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Journal Article

Evaluating the Effects of Automobile Safety Regulation

John D. Graham and Steven Garber
Journal of Policy Analysis and Management
Vol. 3, No. 2 (Winter, 1984), pp. 206-224
DOI: 10.2307/3323933
Stable URL: http://www.jstor.org/stable/3323933
Page Count: 19
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Evaluating the Effects of Automobile Safety Regulation
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Abstract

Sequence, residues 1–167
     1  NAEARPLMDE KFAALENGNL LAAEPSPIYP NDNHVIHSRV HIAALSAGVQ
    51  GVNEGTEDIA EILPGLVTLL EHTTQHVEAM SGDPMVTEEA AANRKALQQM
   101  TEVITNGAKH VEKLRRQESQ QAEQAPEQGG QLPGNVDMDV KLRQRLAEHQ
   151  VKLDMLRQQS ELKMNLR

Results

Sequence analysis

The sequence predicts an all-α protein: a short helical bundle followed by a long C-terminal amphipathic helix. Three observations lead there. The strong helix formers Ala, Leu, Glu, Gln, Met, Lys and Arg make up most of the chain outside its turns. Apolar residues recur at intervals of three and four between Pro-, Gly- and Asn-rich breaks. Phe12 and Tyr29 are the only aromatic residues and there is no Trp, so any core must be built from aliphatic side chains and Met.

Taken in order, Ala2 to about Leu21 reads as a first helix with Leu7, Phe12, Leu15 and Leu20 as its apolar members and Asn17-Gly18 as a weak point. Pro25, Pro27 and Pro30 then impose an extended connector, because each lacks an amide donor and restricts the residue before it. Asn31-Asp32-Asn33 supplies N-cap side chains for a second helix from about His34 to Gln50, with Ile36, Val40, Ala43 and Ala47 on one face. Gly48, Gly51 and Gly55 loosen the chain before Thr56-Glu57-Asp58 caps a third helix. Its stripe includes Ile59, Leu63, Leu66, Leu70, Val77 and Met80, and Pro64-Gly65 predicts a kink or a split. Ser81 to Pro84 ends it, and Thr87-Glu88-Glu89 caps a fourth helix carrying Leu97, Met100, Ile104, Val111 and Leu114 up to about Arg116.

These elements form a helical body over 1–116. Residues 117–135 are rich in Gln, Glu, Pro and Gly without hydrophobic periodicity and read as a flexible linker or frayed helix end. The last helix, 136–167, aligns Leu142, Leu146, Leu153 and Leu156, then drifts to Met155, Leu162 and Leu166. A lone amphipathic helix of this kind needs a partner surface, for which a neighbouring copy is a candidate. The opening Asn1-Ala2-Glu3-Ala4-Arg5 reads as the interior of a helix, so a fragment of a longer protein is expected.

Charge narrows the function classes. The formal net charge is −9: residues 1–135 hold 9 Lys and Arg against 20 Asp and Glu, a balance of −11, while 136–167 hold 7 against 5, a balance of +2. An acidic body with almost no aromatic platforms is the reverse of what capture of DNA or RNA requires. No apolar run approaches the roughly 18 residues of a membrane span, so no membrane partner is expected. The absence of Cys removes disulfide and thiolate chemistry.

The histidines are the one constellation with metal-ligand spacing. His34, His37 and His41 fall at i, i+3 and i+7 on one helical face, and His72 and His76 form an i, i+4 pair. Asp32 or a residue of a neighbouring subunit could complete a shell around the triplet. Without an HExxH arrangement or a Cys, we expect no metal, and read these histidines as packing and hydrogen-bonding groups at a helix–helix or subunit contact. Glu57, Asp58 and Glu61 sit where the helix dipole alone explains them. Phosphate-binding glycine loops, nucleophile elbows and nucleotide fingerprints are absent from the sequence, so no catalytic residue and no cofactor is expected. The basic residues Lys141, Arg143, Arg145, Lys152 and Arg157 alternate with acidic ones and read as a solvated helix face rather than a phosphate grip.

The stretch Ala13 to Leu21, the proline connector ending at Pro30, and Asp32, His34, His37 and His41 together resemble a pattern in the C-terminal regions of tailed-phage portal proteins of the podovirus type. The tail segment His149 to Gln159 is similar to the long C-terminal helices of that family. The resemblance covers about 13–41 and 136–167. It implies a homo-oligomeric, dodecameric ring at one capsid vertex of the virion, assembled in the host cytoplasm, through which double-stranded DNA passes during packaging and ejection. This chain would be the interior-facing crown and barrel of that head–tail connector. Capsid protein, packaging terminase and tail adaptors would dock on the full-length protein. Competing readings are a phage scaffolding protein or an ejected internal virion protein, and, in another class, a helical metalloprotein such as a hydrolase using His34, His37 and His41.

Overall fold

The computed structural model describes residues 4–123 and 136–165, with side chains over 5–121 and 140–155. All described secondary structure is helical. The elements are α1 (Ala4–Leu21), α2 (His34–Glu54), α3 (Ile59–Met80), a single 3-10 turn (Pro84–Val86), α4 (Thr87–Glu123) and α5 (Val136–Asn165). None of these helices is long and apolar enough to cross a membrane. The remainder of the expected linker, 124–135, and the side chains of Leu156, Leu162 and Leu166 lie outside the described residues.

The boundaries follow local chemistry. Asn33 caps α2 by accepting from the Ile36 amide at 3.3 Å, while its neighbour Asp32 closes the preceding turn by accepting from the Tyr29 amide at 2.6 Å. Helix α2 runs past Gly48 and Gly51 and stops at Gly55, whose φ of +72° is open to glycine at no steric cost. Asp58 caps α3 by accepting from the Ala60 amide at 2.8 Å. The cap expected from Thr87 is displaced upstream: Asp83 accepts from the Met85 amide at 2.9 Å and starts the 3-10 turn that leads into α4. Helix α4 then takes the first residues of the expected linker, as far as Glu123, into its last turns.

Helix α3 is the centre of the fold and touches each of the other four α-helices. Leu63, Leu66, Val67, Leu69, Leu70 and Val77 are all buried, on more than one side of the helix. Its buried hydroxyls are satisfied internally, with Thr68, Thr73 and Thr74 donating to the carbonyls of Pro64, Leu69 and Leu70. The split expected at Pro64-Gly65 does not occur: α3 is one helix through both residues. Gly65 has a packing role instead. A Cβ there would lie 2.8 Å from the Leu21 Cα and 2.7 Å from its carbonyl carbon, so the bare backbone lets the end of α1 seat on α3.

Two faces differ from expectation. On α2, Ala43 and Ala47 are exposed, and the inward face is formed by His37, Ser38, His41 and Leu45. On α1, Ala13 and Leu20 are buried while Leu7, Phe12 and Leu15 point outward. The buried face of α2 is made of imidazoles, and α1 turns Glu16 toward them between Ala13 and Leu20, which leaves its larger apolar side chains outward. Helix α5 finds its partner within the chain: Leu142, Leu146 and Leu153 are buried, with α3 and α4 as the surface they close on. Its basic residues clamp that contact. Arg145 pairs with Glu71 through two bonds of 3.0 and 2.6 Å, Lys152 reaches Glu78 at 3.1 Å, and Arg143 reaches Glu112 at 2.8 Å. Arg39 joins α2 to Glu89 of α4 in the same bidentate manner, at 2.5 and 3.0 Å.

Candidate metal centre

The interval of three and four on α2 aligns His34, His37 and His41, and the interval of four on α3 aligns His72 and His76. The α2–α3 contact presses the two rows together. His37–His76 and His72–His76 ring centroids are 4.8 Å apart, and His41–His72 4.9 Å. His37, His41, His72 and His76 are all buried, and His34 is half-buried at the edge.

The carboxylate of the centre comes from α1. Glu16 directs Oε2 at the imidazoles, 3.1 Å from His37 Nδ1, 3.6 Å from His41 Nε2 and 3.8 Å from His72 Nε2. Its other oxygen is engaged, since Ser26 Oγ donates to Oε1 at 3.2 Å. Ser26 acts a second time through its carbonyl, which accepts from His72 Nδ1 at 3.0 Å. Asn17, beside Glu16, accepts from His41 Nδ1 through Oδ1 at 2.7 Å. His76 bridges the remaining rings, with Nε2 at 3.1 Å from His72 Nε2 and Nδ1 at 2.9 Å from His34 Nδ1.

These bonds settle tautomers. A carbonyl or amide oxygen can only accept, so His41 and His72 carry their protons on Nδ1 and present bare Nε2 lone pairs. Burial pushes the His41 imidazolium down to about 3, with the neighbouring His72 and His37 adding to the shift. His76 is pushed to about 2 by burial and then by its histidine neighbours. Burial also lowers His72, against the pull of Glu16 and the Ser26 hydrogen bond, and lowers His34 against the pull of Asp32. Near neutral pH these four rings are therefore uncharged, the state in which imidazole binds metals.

Automobile safety standards adopted because of federal legislation have, according to many researchers, failed to save lives; safer cars, they infer, induce more dangerous driving. Results from the major study suggesting this conclusion are shown, however, to be quite sensitive to reasonable changes in the empirical model. An alternative statistical analysis of death rates supports a very different conclusion: Safety standards have saved tens of thousands of lives during the 1970s. More broadly, the article illustrates some general pitfalls in using statistical results in policy analysis, and how they can be avoided.

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